George Courthope, 1st Baron Courthope

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Lord Courthope in 1945

George Loyd Courthope, 1st Baron Courthope, MC, TD, PC, JP, DL (12 June 1877 – 2 September 1955), known as Sir George Courthope, Bt, from 1925 to 1945, was a British Conservative Party politician.

Background and education

The member of a family that had been settled at Whiligh in Sussex for many centuries, Courthope was the son of Lieutenant-Colonel George John Courthope and his wife Elinor Sarah, daughter of Lieutenant-Colonel Edward Loyd. He was educated at Eton and Christ Church, Oxford and was later called to the Bar, Inner Temple.[1]

Political career

He was elected as the Member of Parliament (MP) for Rye in the 1906 general election, a seat he held until 1945.[1][2] He never held ministerial office but was sworn of the Privy Council in 1937.[3] He was also a Colonel in the 5th Battalion of the Royal Sussex Regiment (Territorial Army) and fought in the First World War, where he was wounded, mentioned in despatches and awarded the Military Cross.[1] Courthope was created a Baronet, of Whiligh in the County of Sussex, in 1925,[4] and in 1945 he was raised to the peerage as Baron Courthope, of Whiligh in the County of Sussex.[5]

Family

Lord Courthope married firstly Hilda Gertrude, daughter of Major-General Henry Pelham Close, in 1899. They had two daughters. After her death in 1940 he married secondly Margaret, daughter of Frederick Barry, in 1944. Lord Courthope died in September 1955, aged 78. As he had no male issue the baronetcy and barony became extinct.[1]

Westminster Hall oaks

George Courthope took a particular interest in forestry, being at sometime President of the Royal English Arboricultural Society, and Chairman of the Empire Forestry Association and of the Forestry Commission's Consultative Committee for England.[6] He famously supplied oak wood for the repair of the 14th-century roof of Westminster Hall, some cut from trees over 600 years old,[7] from the same forest in Whiligh, Sussex, which had supplied some of the original timber in 1393.[8][9][10]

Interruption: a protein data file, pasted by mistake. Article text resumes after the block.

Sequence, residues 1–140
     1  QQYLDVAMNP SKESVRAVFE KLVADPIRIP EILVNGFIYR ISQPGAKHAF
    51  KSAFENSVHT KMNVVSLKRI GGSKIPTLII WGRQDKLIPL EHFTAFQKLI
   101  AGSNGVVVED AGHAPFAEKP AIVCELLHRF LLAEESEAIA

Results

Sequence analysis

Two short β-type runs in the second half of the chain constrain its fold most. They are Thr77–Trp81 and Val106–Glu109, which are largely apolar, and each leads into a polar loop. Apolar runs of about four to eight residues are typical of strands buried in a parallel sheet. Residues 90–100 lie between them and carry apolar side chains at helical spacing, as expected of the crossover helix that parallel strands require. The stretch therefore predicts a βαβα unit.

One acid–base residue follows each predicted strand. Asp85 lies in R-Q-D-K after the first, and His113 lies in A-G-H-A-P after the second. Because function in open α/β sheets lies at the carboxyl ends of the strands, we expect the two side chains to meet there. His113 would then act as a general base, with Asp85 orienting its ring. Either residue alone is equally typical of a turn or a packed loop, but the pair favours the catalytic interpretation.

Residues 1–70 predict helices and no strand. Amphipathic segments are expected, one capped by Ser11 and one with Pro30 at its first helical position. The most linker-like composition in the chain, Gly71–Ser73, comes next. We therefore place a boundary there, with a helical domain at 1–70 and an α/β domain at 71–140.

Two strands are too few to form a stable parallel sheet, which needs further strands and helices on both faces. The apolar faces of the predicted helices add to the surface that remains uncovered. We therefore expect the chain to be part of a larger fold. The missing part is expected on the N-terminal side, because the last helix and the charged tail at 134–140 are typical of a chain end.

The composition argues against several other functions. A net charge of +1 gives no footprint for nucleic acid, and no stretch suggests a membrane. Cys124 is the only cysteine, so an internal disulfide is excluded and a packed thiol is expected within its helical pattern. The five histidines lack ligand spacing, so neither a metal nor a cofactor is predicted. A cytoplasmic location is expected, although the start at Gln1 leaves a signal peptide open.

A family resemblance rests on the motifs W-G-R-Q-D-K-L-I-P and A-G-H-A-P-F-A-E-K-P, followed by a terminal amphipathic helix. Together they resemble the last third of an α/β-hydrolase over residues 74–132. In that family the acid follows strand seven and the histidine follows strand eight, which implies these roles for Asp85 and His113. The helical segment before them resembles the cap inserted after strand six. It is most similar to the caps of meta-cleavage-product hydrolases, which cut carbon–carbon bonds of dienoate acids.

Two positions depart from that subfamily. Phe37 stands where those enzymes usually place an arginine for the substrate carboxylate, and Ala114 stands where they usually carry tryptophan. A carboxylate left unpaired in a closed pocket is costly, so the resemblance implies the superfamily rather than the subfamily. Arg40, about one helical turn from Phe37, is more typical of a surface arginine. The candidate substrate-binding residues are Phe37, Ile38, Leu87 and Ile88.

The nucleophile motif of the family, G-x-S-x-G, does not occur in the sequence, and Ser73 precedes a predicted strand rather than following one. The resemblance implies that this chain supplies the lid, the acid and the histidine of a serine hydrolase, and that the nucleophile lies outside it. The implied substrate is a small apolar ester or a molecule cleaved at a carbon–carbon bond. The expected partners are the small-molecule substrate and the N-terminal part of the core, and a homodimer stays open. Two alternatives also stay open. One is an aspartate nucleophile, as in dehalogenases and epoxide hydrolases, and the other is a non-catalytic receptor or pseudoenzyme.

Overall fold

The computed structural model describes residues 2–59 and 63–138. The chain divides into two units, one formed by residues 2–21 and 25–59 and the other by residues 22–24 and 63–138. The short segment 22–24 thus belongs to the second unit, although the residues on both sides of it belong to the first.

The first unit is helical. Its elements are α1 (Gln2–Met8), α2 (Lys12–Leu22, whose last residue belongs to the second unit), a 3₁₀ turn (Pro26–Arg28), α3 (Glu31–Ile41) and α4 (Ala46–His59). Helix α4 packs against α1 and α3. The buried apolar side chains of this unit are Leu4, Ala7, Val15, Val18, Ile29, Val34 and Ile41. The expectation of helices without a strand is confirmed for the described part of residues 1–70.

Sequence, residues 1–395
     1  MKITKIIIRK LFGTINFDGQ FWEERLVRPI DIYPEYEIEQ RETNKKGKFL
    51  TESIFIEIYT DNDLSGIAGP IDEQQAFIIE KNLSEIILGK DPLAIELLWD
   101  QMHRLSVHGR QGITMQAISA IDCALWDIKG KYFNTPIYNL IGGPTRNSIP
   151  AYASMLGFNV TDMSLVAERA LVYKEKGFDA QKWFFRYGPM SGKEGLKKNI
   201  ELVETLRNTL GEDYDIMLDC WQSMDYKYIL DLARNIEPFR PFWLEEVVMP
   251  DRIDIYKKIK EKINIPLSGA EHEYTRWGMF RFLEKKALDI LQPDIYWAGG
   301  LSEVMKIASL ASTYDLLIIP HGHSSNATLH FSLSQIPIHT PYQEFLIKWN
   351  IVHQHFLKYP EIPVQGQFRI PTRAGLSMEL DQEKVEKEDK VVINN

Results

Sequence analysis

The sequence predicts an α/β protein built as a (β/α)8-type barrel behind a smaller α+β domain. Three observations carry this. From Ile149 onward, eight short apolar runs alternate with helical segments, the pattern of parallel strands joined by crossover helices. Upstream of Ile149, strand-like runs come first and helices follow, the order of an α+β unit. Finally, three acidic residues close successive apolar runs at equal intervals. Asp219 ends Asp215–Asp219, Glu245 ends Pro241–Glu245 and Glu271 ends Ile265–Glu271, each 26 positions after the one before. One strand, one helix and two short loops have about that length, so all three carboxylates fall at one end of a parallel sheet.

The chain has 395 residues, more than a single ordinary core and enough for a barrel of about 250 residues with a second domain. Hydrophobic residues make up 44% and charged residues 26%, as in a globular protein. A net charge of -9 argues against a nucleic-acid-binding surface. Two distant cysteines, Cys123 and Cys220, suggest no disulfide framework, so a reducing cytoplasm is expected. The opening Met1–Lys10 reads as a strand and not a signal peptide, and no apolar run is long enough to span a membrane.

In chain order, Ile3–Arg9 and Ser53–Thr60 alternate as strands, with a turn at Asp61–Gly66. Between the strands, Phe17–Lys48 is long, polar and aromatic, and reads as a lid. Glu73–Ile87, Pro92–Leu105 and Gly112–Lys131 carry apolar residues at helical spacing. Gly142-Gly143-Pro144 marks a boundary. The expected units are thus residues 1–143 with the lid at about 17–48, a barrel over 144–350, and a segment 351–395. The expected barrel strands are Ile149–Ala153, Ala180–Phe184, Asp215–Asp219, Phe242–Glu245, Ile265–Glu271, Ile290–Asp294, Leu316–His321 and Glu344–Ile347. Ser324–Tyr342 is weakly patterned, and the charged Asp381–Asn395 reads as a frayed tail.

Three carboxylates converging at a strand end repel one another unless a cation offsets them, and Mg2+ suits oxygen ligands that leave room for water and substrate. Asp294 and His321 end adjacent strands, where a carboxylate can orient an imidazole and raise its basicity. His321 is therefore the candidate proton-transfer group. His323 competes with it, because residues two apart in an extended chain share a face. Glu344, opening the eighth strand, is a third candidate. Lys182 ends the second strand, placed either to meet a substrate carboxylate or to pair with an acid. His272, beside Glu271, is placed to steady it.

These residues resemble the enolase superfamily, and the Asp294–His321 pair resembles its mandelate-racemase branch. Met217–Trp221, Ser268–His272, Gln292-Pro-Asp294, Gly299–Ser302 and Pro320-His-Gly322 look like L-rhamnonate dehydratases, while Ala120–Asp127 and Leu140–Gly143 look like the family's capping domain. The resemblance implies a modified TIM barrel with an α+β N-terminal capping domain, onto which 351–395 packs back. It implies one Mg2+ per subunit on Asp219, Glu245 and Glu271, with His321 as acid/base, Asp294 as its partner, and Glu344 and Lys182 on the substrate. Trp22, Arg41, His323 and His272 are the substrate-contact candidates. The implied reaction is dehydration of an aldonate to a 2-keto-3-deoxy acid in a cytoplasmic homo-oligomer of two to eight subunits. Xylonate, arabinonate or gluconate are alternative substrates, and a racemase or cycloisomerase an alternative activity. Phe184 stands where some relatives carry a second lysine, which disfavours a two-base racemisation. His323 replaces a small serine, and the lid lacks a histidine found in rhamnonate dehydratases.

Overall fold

References

  1. ^ a b c d thepeerage.com George Loyd Courthope, 1st and last Baron Courthope
  2. ^ leighrayment.com House of Commons: Rochester to Ryedale
  3. ^ "No. 34407". The London Gazette. 11 June 1937. p. 3731.
  4. ^ "No. 33063". The London Gazette. 3 July 1925. p. 4449.
  5. ^ "No. 37166". The London Gazette. 6 July 1945. p. 3517.
  6. ^ Taylor, W.L. "George Loyd Courthope: An Appreciation" in Forestry: An International Journal of Forest Research, Volume 29, Issue 1, 1 January 1956 https://doi.org/10.1093/forestry/29.1.4
  7. ^ "In some districts we are growing oak, and it may interest hon. Members to know that a number of the oak trees which I felled for the restoration of Westminster Hall had over 600 annual rings, that is, they were over 600 years old, and as it is safe to assume that the great beams which they were replacing in Westminster Hall must have been at least of a similar age, you get (?)90 per cent. of that roof taking you back to the days before King Alfred burnt the cakes." From a speech made in Parliament by George Courthope on 1 July 1938.
  8. ^ "Historic Oaks". The Spectator. 3 August 1929. p. 14. Retrieved 21 October 2018.
  9. ^ "Famous Oaks - Some years ago I called attention to". The Spectator. 16 February 1934. p. 16. Retrieved 21 October 2018.
  10. ^ "Vic Keegan’s Lost London 19: the oak roof of Westminster Hall" 13 December 2017

External links

Parliament of the United Kingdom
Preceded by
Charles Frederick Hutchinson
Member of Parliament for Rye
19061945
Succeeded by
William Nicolson Cuthbert
Peerage of the United Kingdom
New creation Baron Courthope
1945 – 1955
Title extinct
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